Reading the various responses in this thread I am struck by how emotional many of them are and I wonder if everyone has even tried to find all the available facts about this case, or if you're just gut-reacting to what are undeniably horrific crimes.
Sure, it's difficult to imagine that so many people would hear a confession to murder, and do nothing. But is it impossible? Not at all.
If Wettlaufer is telling the truth when she says that she confessed to all these people, their reaction was in all likelihood not "meh". They probably failed to wrap their heads around the fact that this person they knew well, was in fact a serial killer. People do react in strange ways with a lot of psychological defense mechanisms coming into play.
If it is true that she confessed to all these people, I doubt they will admit to it today, so her story is likely hard to corroborate. The people who heard her confessions, if in fact they did, have to come to terms with the fact that they could possibly have prevented the later murders if they had acted.
Have you ever interviewed family members, close friends or neighbors of a person who's being charged or has been recently convicted of any type of gruesome or sensational crime? The standard response is they had no idea. Some might say that "he" was always a bit of a loner or aloof or something along those lines, but they never believe that someone they know could in fact commit such horrific crimes.
CBlover, why do you think she has zero credibility? I agree that she might not be upstanding citizen numero uno, but the way I view it is that criminals who confess to things and acts, where the confessions actually hurt them/their case, gain at least a modicum of credibility.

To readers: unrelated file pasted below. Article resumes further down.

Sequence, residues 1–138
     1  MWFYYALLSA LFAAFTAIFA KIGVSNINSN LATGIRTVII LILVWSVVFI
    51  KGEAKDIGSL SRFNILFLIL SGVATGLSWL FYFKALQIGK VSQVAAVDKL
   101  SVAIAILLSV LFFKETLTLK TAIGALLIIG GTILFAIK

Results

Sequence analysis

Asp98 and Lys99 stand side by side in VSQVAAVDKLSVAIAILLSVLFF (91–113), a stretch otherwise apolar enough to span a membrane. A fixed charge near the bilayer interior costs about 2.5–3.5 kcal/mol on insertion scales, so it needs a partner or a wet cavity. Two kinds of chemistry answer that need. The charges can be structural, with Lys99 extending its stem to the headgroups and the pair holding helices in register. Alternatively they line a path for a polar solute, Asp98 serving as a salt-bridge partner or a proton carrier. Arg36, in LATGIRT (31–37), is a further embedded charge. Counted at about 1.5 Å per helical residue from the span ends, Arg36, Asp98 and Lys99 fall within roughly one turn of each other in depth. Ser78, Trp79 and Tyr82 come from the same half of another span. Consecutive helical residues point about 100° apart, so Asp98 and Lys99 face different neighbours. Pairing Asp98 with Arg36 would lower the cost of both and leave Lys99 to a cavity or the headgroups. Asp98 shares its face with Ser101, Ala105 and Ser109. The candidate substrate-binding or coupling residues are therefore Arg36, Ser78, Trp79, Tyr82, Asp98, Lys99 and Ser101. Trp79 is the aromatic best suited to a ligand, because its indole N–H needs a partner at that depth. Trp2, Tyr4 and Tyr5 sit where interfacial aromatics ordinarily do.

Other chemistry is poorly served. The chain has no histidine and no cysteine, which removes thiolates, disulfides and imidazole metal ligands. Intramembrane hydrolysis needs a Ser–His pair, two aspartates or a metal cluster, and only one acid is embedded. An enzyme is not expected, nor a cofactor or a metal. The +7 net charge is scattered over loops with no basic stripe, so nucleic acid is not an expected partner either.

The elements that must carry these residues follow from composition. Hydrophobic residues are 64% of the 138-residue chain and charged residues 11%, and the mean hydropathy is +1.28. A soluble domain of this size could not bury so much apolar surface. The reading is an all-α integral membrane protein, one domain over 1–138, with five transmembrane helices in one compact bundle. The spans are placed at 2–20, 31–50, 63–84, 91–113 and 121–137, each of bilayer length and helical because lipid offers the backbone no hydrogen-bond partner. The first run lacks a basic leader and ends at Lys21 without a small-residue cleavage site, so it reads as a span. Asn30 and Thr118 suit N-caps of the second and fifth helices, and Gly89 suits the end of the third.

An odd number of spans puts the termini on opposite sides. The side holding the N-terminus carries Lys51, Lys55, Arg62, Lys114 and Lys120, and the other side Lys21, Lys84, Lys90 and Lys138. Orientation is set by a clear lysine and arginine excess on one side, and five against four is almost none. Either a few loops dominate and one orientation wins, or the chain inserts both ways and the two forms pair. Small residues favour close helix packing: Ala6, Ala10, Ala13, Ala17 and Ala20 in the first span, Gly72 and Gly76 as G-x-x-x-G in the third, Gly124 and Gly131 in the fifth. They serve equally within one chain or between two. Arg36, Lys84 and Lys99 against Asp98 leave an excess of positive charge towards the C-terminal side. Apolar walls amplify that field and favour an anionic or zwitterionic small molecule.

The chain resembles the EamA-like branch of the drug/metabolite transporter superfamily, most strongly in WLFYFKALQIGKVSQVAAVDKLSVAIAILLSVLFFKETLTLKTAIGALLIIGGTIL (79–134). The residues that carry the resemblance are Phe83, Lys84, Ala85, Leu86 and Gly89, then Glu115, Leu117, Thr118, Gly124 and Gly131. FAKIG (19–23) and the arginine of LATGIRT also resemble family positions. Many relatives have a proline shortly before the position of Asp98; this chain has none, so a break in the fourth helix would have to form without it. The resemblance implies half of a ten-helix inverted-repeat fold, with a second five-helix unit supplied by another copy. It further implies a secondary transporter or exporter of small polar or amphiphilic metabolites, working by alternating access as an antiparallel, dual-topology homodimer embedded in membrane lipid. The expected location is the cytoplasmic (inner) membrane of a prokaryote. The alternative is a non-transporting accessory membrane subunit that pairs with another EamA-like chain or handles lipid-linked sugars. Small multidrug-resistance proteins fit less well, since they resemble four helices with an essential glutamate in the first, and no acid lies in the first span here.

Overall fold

I'll give you an example from this specific case. She confessed to deliberately choosing the most vulnerable victims available, because she realized that their dementia might help her if they were to ever accuse her of wrongdoing. She knew her victims would likely not be believed due to their condition. As I said previously, that's cold and calculated.
She could easily have explained her choice of victims in a way that didn't paint her in such a repulsive light. She could have said that she picked victims with dementia because she felt sorry for them and she was convinced they had low quality of life due to dementia, and tried to portray her murders as acts of "mercy". That's still not a pretty picture, but it's light-years better than wilfully preying on the weakest, most vulnerable population for the express purpose of self-preservation.
She didn't do this. She went for the ugliest explanation possible and owned it.
Of course crazy isn't a legal diagnosis and we aren't in a position to say anything definitive about this case, but I do agree with you in general terms.
Murder is always wrong, but in my opinion in most cases you can at least identify a motive from the murderer's perspective. It can be for financial gain, it can be anger, jealousy or revenge, it can be to conceal a crime/rid oneself of a witness. There are many reasons. It doesn't make murder in any way acceptable, but you can logically identify a motive in these cases. When there isn't a logical motive, I agree that crazy is an appropriate label.